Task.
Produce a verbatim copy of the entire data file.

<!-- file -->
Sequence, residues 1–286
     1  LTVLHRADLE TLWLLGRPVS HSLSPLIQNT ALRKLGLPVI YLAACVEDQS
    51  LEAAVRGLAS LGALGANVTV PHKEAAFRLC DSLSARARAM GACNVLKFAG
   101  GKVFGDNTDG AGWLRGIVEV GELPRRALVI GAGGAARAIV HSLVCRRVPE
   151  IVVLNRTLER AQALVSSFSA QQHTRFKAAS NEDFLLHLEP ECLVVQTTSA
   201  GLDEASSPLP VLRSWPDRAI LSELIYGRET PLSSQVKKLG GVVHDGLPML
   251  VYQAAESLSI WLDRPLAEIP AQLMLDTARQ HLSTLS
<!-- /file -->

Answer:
Sequence, residues 1–286
     1  LTVLHRADLE TLWLLGRPVS HSLSPLIQNT ALRKLGLPVI YLAACVEDQS
    51  LEAAVRGLAS LGALGANVTV PHKEAAFRLC DSLSARARAM GACNVLKFAG
   101  GKVFGDNTDG AGWLRGIVEV GELPRRALVI GAGGAARAIV HSLVCRRVPE
   151  IVVLNRTLER AQALVSSFSA QQHTRFKAAS NEDFLLHLEP ECLVVQTTSA
   201  GLDEASSPLP VLRSWPDRAI LSELIYGRET PLSSQVKKLG GVVHDGLPML
   251  VYQAAESLSI WLDRPLAEIP AQLMLDTARQ HLSTLS